When President Theodore Roosevelt attended the dedication of the [Pennsylvania State] Capitol building on October 4, 1906, he said, “This is the handsomest building I ever saw.” The Capitol was designed in the American Renaissance style by Philadelphia architect Joseph Miller Huston, who envisioned the building as a “Palace of Art.” (From the official website of the Capitol).
The Pennsylvania State Capitol Building was designed by Joseph Miller Huston (1866-1940) in 1902 and completed in 1906. It is proclaimed as one of the most beautiful buildings in the nation. In December 2006, the Capitol building was designated as a National Historic Landmark.
An addition to the Capitol complex, called the East Wing, was completed in 1987. The East Wing was designed by Celli-Flynn Brennan in the post-modern style of the Italian Renaissance. The main objective of the $140 million East Wing Addition project to the Pennsylvania State Capitol was to merge four existing National Landmark buildings into a complex connecting the four structures.
The Pennsylvania State Capitol East Wing building won the 1986 Arthur Ross Award by Classical America. The East Wing addition was dedicated on December 2, 1987.
The Ralph E. Jones team won the bid to paint the rotunda of the East Wing Addition to the Pennsylvania State Capitol Building. The Painters had to use a special, multi-step process to prepare the Rotunda for fresh paint. It appeared that much of the Rotunda, particularly the higher sections, had not been painted since the initial painting when the building was constructed (1987). Protection was needed for the ornamental light fixtures and existing gold leaf so they would not be painted or damaged by the stripping process. Everything had to be covered for protection.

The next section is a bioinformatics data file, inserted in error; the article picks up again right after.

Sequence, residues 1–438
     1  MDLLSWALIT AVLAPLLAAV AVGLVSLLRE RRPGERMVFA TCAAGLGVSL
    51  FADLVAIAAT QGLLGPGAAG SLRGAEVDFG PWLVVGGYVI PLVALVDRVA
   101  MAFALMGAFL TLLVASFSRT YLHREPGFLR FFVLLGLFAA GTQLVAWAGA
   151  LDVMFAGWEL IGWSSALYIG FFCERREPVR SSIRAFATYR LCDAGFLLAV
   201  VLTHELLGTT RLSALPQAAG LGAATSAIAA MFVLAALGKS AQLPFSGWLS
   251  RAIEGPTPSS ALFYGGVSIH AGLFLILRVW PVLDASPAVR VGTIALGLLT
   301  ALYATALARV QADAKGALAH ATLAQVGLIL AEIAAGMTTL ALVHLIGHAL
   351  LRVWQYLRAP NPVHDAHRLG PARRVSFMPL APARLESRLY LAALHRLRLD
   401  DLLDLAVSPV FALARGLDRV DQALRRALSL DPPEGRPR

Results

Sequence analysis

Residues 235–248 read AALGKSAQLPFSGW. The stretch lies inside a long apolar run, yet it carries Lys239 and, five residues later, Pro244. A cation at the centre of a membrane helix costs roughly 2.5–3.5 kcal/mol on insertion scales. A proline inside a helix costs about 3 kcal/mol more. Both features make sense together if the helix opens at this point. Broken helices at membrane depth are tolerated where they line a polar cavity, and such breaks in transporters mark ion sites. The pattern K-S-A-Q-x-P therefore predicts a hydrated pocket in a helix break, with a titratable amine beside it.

Paint was peeling from the rotunda due to a high PH level in the plaster. The primer layer was failing; the primer that had been used previously was no longer adhering to the plaster. The layers of paint that had been applied to the rotunda were adhering to each other, but not to the plaster. Since the primer was failing in spots, it was just a matter of time until more peeling would begin.
Ralph E. Jones, Inc. painters first stripped off the existing paint layers. Then we used an environmentally-friendly stripper to lower the PH of the plaster substrate. Then, a water rinse was used to remove the stripper. Next, the Painters primed all the surfaces to be painted with a high PH primer. Finally, they finished the work by applying two coats of paint in new colors chosen by the Department of General Services.
All work on the project had to be completed on nights and weekends when the building was closed to the public. The Painters had to wear booties and gloves for protection and so that nothing was tracked into other parts of the building. Each morning, the painters had to clean up the work area and make it presentable for the coming business day when staff and visitors would be in the building.
Safety was a major consideration because each shift began with the Painters climbing ladders up to the scaffolding, sometimes as high as 50 ft. in the air. The Painters would step from the ladder onto the platform at each level. The scaffolding included safety railings to protect the workers from falls.
Ralph Jones partnered with Lobar Associates on this job. We were the painting subcontractor for the client, the Department of General Services.
The job was started in January 2019. The project was completed in just eight weeks, which was quite an achievement considering the details, materials and craftsmanship necessary to complete a job of this magnitude. At completion of the job, there was no punch list!
We are very proud of the work we did on this historic project.